In 1701, French explorer and army officer Antoine de la Mothe Cadillac founded Fort Pontchartrain du Détroit or "Fort Pontchartrain on-the-Strait" on the strait, known as the Detroit River, between lakes Saint Clair and Erie. Cadillac had convinced King Louis XIV's chief minister, Louis Phélypeaux, Comte de Pontchartrain, that a permanent community there would strengthen French control over the upper Great Lakes and discourage British aspirations; the hundred soldiers and workers who accompanied Cadillac built a fort enclosing one arpent and named it Fort Pontchartrain. Cadillac's wife, Marie Thérèse Guyon, soon moved to Detroit, becoming one of the first European women to settle in what was considered the wilderness of Michigan; the town became a major fur-trading and shipping post. The Église de Saint-Anne was founded the same year. While the original building does not survive, the congregation remains active. Cadillac departed to serve as the French governor of Louisiana from 1710 to 1716.
French attempts to consol
Toledo is a city in and the county seat of Lucas County, United States. Toledo is at the western end of Lake Erie bordering the state of Michigan; the city was founded in 1833 on the west bank of the Maumee River, incorporated as part of Monroe County, Michigan Territory. It was re-founded after conclusion of the Toledo War, when it was incorporated in Ohio. After the 1845 completion of the Miami and Erie Canal, Toledo grew quickly; the first of many glass manufacturers arrived in the 1880s earning Toledo its nickname: "The Glass City." It has since become a city with an art community, auto assembly businesses, education and local sports teams. The population of Toledo as of the 2010 Census was 287,208, making it the 71st-largest city in the United States, it is the fourth-most-populous city in the U. S. state of Ohio, after Columbus and Cincinnati. The Toledo metropolitan area had a 2010 population of 651,429, was the sixth-largest metropolitan area in the state of Ohio, behind Cleveland, Cincinnati and Akron.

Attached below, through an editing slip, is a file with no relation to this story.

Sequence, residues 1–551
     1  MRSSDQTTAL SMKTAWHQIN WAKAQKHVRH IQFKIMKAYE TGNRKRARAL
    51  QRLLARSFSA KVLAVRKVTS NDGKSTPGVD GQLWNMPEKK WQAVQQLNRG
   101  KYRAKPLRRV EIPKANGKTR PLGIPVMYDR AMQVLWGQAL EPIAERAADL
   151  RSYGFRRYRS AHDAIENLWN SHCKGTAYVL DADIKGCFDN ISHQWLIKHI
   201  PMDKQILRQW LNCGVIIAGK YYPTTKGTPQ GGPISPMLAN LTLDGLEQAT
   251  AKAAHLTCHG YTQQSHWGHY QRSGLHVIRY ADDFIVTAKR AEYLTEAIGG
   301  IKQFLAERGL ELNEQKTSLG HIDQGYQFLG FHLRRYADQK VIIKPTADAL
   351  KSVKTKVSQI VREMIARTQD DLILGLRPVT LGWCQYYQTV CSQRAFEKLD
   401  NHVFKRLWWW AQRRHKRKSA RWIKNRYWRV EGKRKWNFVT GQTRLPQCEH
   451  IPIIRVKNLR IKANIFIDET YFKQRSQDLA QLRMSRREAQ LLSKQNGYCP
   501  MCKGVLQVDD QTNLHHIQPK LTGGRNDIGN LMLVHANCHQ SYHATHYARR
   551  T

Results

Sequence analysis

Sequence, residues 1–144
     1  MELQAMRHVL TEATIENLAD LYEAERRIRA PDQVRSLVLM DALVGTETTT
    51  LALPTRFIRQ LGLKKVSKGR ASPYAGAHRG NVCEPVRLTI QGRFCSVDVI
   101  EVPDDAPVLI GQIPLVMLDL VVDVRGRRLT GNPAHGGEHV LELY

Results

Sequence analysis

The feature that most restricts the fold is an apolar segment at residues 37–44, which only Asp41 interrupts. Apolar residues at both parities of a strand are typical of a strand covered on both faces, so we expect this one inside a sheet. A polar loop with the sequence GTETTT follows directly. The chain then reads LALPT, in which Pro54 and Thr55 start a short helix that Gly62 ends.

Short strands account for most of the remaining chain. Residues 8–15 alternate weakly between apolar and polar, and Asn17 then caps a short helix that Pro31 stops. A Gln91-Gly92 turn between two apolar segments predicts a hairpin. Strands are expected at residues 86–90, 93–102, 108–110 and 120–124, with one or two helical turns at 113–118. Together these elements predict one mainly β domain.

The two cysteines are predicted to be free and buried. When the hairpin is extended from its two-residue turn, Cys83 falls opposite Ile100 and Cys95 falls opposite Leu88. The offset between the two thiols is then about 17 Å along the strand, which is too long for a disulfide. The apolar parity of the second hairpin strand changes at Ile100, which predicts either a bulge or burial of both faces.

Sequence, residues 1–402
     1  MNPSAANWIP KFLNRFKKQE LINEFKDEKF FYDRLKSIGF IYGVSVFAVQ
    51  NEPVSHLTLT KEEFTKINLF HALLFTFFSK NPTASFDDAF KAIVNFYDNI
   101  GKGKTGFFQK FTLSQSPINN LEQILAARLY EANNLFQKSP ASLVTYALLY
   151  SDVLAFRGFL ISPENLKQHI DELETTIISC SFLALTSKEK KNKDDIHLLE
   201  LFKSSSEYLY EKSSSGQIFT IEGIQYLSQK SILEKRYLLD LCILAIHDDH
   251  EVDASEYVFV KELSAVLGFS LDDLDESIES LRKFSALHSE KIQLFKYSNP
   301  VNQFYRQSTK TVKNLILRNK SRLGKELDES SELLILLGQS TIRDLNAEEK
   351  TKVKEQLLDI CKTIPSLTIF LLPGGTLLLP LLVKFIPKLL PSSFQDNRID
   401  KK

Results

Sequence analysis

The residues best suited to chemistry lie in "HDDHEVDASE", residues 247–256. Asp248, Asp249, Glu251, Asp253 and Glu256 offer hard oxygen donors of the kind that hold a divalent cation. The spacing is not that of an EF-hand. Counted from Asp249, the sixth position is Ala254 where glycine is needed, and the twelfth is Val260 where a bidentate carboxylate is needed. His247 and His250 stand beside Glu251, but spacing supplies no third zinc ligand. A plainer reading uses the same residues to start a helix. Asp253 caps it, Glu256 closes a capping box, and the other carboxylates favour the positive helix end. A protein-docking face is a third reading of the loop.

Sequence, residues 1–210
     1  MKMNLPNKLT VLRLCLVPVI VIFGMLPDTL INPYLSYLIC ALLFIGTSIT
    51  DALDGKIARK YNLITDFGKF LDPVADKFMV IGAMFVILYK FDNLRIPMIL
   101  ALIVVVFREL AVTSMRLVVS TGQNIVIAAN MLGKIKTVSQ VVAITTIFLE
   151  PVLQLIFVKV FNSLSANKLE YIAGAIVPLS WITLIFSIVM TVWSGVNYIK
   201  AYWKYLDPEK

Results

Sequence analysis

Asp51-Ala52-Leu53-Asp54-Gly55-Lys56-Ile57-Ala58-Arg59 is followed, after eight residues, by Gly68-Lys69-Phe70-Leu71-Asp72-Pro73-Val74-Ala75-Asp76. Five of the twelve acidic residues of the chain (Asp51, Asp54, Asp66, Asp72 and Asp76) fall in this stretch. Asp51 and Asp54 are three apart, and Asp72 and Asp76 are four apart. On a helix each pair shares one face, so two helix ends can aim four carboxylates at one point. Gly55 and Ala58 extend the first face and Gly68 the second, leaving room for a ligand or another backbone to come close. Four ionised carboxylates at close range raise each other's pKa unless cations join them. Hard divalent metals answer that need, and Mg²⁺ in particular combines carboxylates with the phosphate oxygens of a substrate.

Various cultures of indigenous peoples lived along the rivers and lakefront of what is now northwestern Ohio for thousands of years. When the city of Toledo was preparing to pave its streets, it surveyed "two prehistoric semicircular earthworks for stockades." One was at the intersection of Oliver streets on the south bank of Swan Creek. Such earthworks were typical of mound-building peoples; this region was part of a larger area controlled by the historic tribes of the Wyandot and the people of the Council of Three Fires. The first European to visit the area was Étienne Brûlé, a French-Canadian guide and explorer, in 1615; the French established trading posts in the area by 1680 to take advantage of the lucrative fur trade. The Odawa moved from Manitoulin Island and the Bruce Peninsula at the invitation of the French, who established a trading post at Fort Detroit, about 60 miles to the north, they settled an area extending into northwest Ohio. By the early 18th century, the Odawa occupied areas along most of the Maumee River to its mouth.
They served as middlemen between the French and tribes further to the north. The Wyandot occupied central Ohio, the Shawnee and Lenape occupied the southern areas; the area was not settled by European-Americans until 1795 and later. After the conclusion of the American Revolutionary War, the regional tribes allied in the Western Confederacy, fighting a series of battles in what became known as the Northwest Indian War in an effort to repulse American settlers from the country west of the Appalachians and north of the Ohio River, they were defeated in 1794 at the Battle of Fallen Timbers. This loose affiliation of tribes included the Council of Three Fires. By a treaty in 1795, they ceded large areas of territory in Ohio to the United States, opening lands for European-American settlement. According to Charles E. Slocum, the American military built Fort Industry at the mouth of Swan Creek about 1805, but as a temporary stockade. No official reports support the 19th-century tradition of its earlier history there.